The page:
Gaby went through all the tests, overnight monitoring, stressed EKG’s, etc. When everything came back normal we were promptly dismissed as an abnormality and told she has febrile seizures. The Neurologist wouldn’t even discuss the test results with us. He had the front desk call us to tell us that everything came back normal. (To us it was like, I don’t see anything, go away) So on we went, she had one more siezure again related to a cold and a high fever. Tests were run and on the last visit they noticed a low calcium level. ER attending dismissed it as a bad test and we were sent home.

Throughout this period, 6 to 11 years of age, Gaby had a new pediatrician who ran normal development test and nothing every came back, that we know of, as an off reading. In February of this past year Gaby got a stomach bug and started throwing up in the middle of the night. It was pretty bad and had a rough night. By the morning we were getting ready for work and she had a severe siezure, one that required injections to get her out of the siezure. We were never that scared in all our lives and thought we were losing our daughter.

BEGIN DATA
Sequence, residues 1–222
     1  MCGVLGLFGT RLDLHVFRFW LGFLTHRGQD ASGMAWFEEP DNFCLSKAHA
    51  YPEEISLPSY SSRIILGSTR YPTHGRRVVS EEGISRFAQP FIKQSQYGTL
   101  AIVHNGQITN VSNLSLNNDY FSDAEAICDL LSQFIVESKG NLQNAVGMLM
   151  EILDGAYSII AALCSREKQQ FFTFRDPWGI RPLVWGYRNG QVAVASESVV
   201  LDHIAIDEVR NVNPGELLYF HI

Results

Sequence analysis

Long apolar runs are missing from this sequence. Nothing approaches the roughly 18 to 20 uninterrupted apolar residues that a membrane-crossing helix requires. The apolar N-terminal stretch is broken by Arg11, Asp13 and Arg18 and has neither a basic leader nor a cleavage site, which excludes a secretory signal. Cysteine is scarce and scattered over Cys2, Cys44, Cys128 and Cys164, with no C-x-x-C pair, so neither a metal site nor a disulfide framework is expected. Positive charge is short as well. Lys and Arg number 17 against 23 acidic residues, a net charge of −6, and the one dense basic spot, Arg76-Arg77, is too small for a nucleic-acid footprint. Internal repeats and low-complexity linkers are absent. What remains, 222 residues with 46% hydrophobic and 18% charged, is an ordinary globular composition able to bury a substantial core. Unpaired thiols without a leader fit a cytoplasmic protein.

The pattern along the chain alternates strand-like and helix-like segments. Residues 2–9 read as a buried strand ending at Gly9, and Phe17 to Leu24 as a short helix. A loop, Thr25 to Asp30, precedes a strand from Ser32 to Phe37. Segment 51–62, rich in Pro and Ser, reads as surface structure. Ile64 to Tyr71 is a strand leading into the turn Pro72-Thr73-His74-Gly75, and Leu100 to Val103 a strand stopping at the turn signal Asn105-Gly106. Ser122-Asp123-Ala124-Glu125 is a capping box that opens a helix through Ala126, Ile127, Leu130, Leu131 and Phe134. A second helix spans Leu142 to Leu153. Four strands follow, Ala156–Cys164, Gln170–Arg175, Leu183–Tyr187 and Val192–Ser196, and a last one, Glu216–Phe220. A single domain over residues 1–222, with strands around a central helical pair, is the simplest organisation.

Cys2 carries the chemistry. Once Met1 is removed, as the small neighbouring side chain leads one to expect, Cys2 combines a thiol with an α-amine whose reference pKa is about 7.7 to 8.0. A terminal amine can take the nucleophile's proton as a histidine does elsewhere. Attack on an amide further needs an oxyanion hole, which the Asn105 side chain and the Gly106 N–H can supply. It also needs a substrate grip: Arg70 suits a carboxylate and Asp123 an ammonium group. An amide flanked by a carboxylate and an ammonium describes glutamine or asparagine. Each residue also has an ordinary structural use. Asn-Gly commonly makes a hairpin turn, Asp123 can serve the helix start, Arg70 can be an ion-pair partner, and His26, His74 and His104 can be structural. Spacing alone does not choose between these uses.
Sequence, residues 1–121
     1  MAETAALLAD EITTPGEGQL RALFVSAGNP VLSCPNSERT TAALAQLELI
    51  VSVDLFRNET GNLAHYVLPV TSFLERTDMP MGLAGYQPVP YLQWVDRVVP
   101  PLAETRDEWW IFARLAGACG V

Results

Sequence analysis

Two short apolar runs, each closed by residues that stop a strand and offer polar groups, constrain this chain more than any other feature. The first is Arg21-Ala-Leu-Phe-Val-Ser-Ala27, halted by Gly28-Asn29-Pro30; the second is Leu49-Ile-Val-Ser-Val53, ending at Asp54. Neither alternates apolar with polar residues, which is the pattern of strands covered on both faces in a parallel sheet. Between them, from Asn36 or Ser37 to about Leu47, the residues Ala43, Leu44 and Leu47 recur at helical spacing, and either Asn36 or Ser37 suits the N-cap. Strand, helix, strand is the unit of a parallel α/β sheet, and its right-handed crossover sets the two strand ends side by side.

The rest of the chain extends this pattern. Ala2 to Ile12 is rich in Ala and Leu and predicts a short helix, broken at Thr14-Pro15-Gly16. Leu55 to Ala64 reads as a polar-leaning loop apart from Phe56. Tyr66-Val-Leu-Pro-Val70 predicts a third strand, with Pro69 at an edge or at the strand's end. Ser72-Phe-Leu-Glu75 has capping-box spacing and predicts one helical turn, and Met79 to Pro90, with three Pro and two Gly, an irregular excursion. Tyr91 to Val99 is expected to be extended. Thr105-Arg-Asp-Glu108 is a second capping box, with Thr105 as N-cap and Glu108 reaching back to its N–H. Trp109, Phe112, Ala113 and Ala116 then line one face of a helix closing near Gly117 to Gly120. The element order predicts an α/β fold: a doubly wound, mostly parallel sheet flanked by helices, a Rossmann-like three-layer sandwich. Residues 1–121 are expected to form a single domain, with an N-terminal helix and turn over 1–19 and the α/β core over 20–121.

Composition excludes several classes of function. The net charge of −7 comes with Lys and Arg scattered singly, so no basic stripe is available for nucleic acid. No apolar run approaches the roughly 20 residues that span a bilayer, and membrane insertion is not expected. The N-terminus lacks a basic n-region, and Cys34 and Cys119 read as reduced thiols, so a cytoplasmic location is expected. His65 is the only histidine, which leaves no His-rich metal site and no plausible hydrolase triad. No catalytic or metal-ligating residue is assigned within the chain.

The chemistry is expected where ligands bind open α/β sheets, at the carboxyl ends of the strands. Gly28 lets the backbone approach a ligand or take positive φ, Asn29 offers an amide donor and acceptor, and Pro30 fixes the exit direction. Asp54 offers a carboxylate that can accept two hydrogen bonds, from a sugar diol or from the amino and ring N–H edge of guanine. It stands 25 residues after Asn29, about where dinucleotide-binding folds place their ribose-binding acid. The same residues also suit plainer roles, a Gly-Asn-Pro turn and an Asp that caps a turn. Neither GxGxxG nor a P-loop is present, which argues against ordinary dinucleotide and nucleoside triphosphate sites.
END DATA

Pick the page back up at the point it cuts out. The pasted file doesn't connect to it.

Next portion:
Discovering Hypoparathyrodism

When we arrived at the hospital again tests were run and the calcium was low. (Reading of 5) The ER doc was going to dismiss as a bad reading when a good friend of ours that was a physician at the hospital recommended another test. This time the same reading came back and the Intensive Care Chief of Pediatrics was called down for a consult. Gaby was coming out of the Seizure but her hands were rigid and she was very stiff all over which was very scary. The Physician reviewed, consulted with a Pediatric Endo on staff and Gaby was diagnosis of Hypoparathyrodism. We would spend 6 days in the hospital on IV and pills to finally get her calcium to the right levels.

Gaby had always struggled during exercise complaining of cramps. From 6 to 11 years of age Gaby most likely had Hypoparathyrodism that was never diagnosed although she had many chances if someone had read the test results and took them at face value. So, this is what she has, she can live with this, on we go with our lives.